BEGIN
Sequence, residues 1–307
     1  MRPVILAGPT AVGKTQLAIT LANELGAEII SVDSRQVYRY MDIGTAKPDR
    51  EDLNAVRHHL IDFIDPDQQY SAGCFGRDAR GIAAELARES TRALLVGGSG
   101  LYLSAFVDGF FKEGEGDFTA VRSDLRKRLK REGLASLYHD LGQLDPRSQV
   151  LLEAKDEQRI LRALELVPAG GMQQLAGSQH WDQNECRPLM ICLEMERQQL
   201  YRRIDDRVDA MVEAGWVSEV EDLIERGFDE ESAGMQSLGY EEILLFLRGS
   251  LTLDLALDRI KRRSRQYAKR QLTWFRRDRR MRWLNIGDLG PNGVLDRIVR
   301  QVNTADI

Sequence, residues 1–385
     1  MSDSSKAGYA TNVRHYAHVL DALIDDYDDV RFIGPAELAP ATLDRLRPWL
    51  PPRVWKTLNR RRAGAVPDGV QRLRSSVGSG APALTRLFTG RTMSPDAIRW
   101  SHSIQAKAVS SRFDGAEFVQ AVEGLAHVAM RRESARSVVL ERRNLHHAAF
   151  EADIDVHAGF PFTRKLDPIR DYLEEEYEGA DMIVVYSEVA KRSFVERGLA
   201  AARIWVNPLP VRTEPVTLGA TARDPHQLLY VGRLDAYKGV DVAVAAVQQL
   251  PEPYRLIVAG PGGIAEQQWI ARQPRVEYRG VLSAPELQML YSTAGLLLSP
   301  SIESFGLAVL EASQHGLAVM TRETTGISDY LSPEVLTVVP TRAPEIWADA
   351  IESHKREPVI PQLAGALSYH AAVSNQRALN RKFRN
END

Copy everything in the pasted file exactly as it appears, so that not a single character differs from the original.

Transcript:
Sequence, residues 1–307
     1  MRPVILAGPT AVGKTQLAIT LANELGAEII SVDSRQVYRY MDIGTAKPDR
    51  EDLNAVRHHL IDFIDPDQQY SAGCFGRDAR GIAAELARES TRALLVGGSG
   101  LYLSAFVDGF FKEGEGDFTA VRSDLRKRLK REGLASLYHD LGQLDPRSQV
   151  LLEAKDEQRI LRALELVPAG GMQQLAGSQH WDQNECRPLM ICLEMERQQL
   201  YRRIDDRVDA MVEAGWVSEV EDLIERGFDE ESAGMQSLGY EEILLFLRGS
   251  LTLDLALDRI KRRSRQYAKR QLTWFRRDRR MRWLNIGDLG PNGVLDRIVR
   301  QVNTADI

Sequence, residues 1–385
     1  MSDSSKAGYA TNVRHYAHVL DALIDDYDDV RFIGPAELAP ATLDRLRPWL
    51  PPRVWKTLNR RRAGAVPDGV QRLRSSVGSG APALTRLFTG RTMSPDAIRW
   101  SHSIQAKAVS SRFDGAEFVQ AVEGLAHVAM RRESARSVVL ERRNLHHAAF
   151  EADIDVHAGF PFTRKLDPIR DYLEEEYEGA DMIVVYSEVA KRSFVERGLA
   201  AARIWVNPLP VRTEPVTLGA TARDPHQLLY VGRLDAYKGV DVAVAAVQQL
   251  PEPYRLIVAG PGGIAEQQWI ARQPRVEYRG VLSAPELQML YSTAGLLLSP
   301  SIESFGLAVL EASQHGLAVM TRETTGISDY LSPEVLTVVP TRAPEIWADA
   351  IESHKREPVI PQLAGALSYH AAVSNQRALN RKFRN